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Ecology, 80(5), 1999, pp. 17131723 1999 by the Ecological Society of America
 

Summary: 1713
Ecology, 80(5), 1999, pp. 17131723
1999 by the Ecological Society of America
INDUCED RESPONSES TO HERBIVORY IN WILD RADISH: EFFECTS ON
SEVERAL HERBIVORES AND PLANT FITNESS
ANURAG A. AGRAWAL1
Department of Entomology and Center for Population Biology, One Shields Avenue,
University of California at Davis, Davis, California 95616-8584 USA
Abstract. Induced responses to herbivory are changes in plant quality following initial
damage by herbivores. These changes can negatively affect subsequent herbivores. I studied
induced responses in annual wild radish plants, Raphanus raphanistrum and R. sativus
(Brassicaceae), which included increased density and total number of setose trichomes on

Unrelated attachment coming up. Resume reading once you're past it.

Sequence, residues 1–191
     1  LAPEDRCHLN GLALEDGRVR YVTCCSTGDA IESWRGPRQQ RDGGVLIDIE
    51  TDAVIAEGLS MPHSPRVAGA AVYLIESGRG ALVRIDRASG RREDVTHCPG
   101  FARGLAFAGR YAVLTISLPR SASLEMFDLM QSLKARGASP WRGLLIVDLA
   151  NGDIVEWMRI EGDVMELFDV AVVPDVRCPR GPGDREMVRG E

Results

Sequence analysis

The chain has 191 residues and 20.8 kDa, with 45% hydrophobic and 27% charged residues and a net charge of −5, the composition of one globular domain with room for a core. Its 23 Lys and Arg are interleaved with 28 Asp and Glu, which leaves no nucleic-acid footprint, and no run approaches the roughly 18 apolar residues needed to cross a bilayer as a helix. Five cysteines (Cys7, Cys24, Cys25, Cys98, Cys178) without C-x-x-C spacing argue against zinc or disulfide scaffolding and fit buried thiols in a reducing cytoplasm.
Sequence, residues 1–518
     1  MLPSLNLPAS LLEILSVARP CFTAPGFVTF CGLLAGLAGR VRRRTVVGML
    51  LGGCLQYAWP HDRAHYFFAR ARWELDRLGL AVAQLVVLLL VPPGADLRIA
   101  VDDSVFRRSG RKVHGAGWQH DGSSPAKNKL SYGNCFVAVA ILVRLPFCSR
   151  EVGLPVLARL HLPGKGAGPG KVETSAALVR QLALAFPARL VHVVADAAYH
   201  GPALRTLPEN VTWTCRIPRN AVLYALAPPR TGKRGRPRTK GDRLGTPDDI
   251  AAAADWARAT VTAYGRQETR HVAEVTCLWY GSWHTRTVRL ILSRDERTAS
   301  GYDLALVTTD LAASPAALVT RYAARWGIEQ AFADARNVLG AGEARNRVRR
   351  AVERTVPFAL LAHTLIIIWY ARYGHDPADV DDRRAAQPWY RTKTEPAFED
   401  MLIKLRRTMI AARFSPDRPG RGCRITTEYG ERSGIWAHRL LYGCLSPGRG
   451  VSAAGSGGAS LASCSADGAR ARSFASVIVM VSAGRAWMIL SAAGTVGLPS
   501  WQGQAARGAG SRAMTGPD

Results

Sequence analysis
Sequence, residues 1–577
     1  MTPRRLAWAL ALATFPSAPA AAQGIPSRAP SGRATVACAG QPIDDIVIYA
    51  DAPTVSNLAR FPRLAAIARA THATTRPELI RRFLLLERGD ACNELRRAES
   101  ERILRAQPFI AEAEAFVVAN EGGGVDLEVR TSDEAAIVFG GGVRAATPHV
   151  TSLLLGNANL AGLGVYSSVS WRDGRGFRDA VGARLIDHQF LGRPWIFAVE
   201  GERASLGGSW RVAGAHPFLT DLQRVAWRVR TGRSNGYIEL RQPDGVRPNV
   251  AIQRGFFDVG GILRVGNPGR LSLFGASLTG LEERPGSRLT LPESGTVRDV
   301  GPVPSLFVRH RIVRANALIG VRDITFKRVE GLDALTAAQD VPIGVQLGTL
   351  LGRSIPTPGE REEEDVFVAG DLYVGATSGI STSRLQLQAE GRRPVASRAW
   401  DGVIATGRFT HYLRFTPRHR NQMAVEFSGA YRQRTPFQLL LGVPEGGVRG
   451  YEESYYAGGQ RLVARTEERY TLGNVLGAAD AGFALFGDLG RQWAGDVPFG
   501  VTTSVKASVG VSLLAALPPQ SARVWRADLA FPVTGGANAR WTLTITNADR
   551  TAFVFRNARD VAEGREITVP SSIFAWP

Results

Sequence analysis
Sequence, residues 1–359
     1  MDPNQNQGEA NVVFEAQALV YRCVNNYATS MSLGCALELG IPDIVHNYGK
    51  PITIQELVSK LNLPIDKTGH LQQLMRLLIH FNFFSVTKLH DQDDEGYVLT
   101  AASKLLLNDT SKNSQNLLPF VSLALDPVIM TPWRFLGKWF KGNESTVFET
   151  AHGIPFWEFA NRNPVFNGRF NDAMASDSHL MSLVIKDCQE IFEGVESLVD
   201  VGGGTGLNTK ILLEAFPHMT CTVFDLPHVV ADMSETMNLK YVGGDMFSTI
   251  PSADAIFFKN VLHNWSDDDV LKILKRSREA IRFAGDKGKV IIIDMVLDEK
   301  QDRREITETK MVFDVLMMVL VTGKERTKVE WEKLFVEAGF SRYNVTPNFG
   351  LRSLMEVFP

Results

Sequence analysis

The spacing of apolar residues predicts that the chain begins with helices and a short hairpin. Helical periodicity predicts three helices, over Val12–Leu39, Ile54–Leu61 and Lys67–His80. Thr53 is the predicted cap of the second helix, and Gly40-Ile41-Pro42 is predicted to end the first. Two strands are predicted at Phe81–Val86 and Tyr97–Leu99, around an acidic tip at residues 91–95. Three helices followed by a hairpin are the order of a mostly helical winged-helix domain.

newly formed leaves of previously damaged plants compared to undamaged controls. I also
characterized the effects of induced responses on the preference and performance of several
herbivores and the net consequences for plant performance in the field.
Wild radish plants damaged by caterpillars or sprayed with a natural plant response
elicitor, jasmonic acid, supported reduced growth of generalist noctuid larvae compared to
unmanipulated control plants. Induced responses did not affect the growth of specialist
Pieris rapae larvae. In choice and no-choice experiments, induction reduced the feeding
by noctuid larvae but did not reduce gross growth efficiency, an indicator of insect growth

  

Source: Agrawal, Anurag - Department of Ecology and Evolutionary Biology & Entomollogy, Cornell University

 

Collections: Environmental Sciences and Ecology